Tether will be removed from Crypto.com in Canada to meet updated crypto regulations
Attached will be removed from Crypto.com: According to user reports circulating on social media on January 10, the cryptocurrency exchange Crypto.com recently sent an email to its Canadian customers, informing them that Tether would no longer be supported as of January 31. The company said that on that date it would delist USDT and suspend all USDT transactions.
“Please take urgent action to review your USDT balance and take all necessary action (e.g. withdrawal or conversion) before the effective date,” he warned.
Clients are urged to review their USDT balances and take all necessary actions such as withdrawal or conversion before the delisting date. Failure to do so may result in recovery fees for attempting to deposit USDT from external wallets after suspension, and in some cases recovery of funds may not be possible. The delisting also impacts trading and USDT deposits/withdrawals on the Crypto.com app.
In August, Crypto.com announced that the Ontario Securities Commission had accepted the company’s pre-registration undertaking for operations in Canada. As part of regulatory requirements, cryptocurrency exchanges operating in the Canadian province of Ontario are prohibited from listing digital assets prohibited by the CSO, which includes USDT. Similarly, Coinsquare, a cryptocurrency exchange regulated by the Investment Industry Regulatory Organization of Canada (IIROC), does not currently list USDT among its available trading assets.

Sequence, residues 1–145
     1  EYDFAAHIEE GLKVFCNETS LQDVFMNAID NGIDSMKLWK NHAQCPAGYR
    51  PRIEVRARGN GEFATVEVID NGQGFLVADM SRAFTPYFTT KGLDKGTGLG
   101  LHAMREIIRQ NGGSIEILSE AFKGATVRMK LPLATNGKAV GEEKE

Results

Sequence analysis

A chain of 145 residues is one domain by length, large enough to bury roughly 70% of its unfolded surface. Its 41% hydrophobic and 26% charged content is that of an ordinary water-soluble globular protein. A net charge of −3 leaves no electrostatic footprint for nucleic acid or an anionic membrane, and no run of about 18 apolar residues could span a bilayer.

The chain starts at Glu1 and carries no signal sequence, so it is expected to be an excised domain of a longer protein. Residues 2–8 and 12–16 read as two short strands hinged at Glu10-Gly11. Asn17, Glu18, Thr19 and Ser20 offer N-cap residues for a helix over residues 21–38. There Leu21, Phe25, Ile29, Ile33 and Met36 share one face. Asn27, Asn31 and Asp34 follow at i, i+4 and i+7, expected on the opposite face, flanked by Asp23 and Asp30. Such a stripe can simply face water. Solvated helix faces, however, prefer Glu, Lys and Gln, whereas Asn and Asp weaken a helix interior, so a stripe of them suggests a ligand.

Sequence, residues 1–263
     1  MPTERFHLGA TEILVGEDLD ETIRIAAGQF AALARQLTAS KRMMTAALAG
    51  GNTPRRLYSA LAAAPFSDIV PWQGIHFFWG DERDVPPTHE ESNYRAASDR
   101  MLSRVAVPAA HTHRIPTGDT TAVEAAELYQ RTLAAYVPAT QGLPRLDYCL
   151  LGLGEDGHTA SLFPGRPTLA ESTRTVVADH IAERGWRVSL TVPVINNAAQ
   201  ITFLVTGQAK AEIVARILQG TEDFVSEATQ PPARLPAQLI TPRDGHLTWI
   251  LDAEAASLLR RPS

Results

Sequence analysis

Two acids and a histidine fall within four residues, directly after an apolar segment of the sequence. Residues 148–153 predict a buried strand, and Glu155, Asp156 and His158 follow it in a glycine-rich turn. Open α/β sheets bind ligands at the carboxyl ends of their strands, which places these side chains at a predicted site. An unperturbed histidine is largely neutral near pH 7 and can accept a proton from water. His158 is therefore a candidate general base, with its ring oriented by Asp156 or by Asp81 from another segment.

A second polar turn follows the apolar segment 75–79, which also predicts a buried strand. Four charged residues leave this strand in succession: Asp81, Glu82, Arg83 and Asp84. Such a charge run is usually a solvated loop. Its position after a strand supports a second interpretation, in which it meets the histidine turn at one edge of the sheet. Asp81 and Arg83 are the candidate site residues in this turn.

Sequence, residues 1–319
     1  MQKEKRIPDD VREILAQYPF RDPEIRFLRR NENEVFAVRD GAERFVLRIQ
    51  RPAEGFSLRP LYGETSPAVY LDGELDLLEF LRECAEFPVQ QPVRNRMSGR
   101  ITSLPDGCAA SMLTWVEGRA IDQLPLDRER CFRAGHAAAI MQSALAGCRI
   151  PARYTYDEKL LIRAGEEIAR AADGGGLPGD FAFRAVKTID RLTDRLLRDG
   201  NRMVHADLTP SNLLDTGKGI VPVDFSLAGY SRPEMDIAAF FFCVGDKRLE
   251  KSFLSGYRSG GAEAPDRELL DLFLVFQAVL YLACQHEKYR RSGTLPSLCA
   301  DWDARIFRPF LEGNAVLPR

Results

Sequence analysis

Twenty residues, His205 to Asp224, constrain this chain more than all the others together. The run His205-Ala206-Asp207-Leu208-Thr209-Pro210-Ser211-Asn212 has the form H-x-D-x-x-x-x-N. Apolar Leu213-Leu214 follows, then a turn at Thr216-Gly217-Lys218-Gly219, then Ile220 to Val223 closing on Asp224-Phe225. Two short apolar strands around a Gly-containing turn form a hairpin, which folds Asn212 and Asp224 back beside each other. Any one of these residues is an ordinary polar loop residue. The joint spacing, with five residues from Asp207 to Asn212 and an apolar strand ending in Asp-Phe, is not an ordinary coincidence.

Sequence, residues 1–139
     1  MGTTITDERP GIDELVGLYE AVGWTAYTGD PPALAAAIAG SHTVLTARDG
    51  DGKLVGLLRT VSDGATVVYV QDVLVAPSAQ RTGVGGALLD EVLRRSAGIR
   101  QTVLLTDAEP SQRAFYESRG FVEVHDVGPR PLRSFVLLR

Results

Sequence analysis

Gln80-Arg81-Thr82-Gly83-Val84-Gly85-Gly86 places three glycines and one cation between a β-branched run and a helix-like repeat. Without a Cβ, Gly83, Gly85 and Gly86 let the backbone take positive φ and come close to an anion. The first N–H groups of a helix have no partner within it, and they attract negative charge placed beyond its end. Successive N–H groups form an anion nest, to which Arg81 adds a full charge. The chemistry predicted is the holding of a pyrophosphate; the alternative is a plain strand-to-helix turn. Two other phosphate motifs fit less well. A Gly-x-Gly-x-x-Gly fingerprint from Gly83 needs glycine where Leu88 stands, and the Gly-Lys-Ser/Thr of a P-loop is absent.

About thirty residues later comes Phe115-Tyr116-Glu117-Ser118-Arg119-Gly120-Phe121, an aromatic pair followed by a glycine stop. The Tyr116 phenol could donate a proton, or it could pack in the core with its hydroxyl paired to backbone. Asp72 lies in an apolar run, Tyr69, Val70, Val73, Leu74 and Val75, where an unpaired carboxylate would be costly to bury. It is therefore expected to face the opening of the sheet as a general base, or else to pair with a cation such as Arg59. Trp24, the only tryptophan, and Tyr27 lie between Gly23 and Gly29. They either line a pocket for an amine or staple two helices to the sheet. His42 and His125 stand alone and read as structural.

All USDT trading pairs, trades, deposits, and withdrawals will be delisted by 1 p.m. ET on January 31, the email continues. Any remaining USDT user deposits on the exchange after this time will be converted to USDC issued by Circle. Crypto.com’s action comes as regulators around the world step up their oversight of centralized exchanges following the collapse of FTX and as competition among major stablecoins grows.
The Canadian Securities Administrators (CSA), the country’s top securities regulator made up of regulators from 10 provinces and three territories, said last month that it would strengthen its oversight of crypto exchanges by “ expanding existing requirements” for trading venues operating in the country. The ASC said it “continues to monitor and assess the presence and role of stablecoins in Canadian financial markets,” according to a press release.
As the Second Great Stablecoin War heats up, Tether’s USDT appears to be lagging the curve. Since the collapse of FTX, stablecoin rival USDC has been the preferred choice for most crypto users.
According to on-chain data from Glassnode, USDC has averaged over $12.5 billion more transfer volume per day than USDT and five times that of USDT since October. The decline in USDT volumes comes amid criticism from the audit and a less transparent reserve.
According to the Tether representative, Canada made a quick decision. While any nation should consider all available options with an open mind before executing. Having a “fair, open and forward-looking approach” will only help the country’s financial growth.
The spokesperson also mentioned that the delisting of Tether in Canada does not have a big impact on the token as they do not consider Canada as their primary market. USDT is the 1st stablecoin in the CMC stablecoin category. Additionally, Tether only has a market capitalization of $66 billion with an average trading volume of US$23 billion in 24 hours.
Crypto.com’s decision to delist USDT comes as regulators in Canada seek to tighten their reins on centralized exchanges following the collapse of FTX.